March 19, 2012 | Local Sources, Pasta & Pizza
It’s no secret to anyone – not my friends, not my family, and I’m sure not you blog readers – that I adore just about everything about Italy. A tutor of mine when I was studying Italian once asked me why I wanted to speak Italian. When I responded that I wasn’t sure why, she said to me, “E nelle sangue,” meaning “it’s in your blood”. So when I was invited to join a group of bloggers to visit a local sausage producer who is making traditional Italian dry sausage, I knew I was in.Katherine Laurienti is the President of North Denver Sausage. The business certainly isn’t new – her husband ran it for 30 years, making a very good uncured Italian sausage that was sold to many Denver area restaurants. But after he passed away, Katherine began looking for ways to grow the business in a sluggish economy, and decided to start making dry cured sausage. But that’s not an easy business to be in, thanks to the USDA.Just like the debates over raw milk and fresh cheeses, the USDA is largely at odds with traditional dry cured sausage producers. The USDA worries over safety concerns, and so insists on (in my opinion) ridiculous things like irradiation, but it’s clear they don’t understand the curing process well. If they did, they’d understand the interaction between acids, salts, and the curing meats.Not wanting to risk a shutdown, Katherine plays by the rules. That could mean daily inspections which one could argue ensure cleanliness and safety of the food produced. But what about the rules that say they can’t operate on Sunday and that they can only touch meat between 6am and 2pm? Those are clearly political agendas playing out in the USDA guidelines.Katherine invited us to sample her products – both the uncured Italian sausage cooked old style with peppers, onions, and potatoes, as well as her new dry cured products. We sampled both regular and hot, as well as a salami, and even had the chance to pair such unusual things as marshmallow fluff with a spicy piece of sausage (which was surprisingly good!).Balistreri Vineyards, who was opening a new tasting room that same day, provided some wines to pair with the tasting. And while we were sipping and nibbling, Katherine told us about an elderly Italian client who shared with her that he likes to simmer the dry sausage in marinara sauce to rehydrate it a bit. There you go – recipe inspiration struck for me.When we left the tasting we were given cute gift baskets with some Italian products in them, including a jar of Aiello’s marinara sauce and of course some of the dry cured sausage. Amatriciana is a classic pasta dish that usually has onions, pancetta, garlic, and red pepper flakes in the sauce. Since the sausage had plenty of garlic taste and heat from the peppers, I simply diced that small and simmered it in the marinara sauce to soften it.While that was simmering, I slow cooked some thinly sliced onions until they were nicely caramelized, then added them to the sauce.When my spaghetti was nearly al dente, I drained it and simmered it in the sauce for a minute to finish cooking it. Spaghetti Amatriciana Style, using sausage from a local producer – tastes delicious and just feels right!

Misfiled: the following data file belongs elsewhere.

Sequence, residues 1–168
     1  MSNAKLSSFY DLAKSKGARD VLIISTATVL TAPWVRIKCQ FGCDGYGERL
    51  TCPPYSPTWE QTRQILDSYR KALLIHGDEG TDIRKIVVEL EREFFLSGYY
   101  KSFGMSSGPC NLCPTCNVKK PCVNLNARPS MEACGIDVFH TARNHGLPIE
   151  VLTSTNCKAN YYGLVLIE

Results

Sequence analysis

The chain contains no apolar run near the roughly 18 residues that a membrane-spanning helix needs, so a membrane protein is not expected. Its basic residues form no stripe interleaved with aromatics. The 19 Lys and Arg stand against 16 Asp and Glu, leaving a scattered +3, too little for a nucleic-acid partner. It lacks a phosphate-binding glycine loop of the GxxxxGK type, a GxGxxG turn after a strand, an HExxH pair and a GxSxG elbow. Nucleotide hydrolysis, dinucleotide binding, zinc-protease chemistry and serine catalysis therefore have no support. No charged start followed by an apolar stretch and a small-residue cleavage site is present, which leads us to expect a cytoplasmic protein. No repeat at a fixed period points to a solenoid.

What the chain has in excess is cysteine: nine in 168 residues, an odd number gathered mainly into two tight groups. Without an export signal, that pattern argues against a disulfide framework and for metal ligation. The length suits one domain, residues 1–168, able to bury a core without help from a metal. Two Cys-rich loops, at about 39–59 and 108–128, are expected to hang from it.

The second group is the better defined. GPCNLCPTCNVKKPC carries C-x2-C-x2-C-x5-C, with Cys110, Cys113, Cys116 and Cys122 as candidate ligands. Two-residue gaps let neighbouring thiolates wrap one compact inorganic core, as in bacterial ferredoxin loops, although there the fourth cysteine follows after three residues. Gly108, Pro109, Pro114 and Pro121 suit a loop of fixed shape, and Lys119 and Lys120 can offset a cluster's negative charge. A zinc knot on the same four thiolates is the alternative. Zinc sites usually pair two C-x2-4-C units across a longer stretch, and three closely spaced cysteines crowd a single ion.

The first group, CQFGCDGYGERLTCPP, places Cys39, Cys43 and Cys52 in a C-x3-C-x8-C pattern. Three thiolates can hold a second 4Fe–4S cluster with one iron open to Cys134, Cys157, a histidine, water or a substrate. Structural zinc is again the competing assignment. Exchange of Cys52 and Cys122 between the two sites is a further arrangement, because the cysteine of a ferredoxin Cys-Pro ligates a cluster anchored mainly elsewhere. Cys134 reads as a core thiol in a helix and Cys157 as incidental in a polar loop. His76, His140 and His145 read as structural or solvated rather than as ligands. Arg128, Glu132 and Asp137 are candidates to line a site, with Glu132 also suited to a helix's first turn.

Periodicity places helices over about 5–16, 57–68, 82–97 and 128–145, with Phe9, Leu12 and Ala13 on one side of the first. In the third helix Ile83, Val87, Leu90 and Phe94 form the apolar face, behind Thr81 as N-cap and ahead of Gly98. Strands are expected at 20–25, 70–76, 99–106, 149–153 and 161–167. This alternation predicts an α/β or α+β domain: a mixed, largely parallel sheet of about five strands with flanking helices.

- 4 ounces dry cured Italian sausage, diced small
- 1 jar marinara sauce (about 3 cups)
- 1 tablespoon extra virgin olive oil
- 1 large onion, thinly sliced
- 8 ounces spaghetti, cooked very al dente
- Grated Parmigiano Reggiano cheese, for topping
- Combine the sausage and the marinara sauce in a medium saucepan and simmer for 30 minutes to soften the sausage. While the sauce is simmering, heat olive oil in a large skillet over medium heat; add onion and cook slowly, stirring every once in awhile, until softened and nicely caramelized. Add onions to the sauce. Add just barely cooked spaghetti to the sauce and simmer for a minute or two longer to finish cooking. Serve with Parmigiano Reggiano cheese for garnish.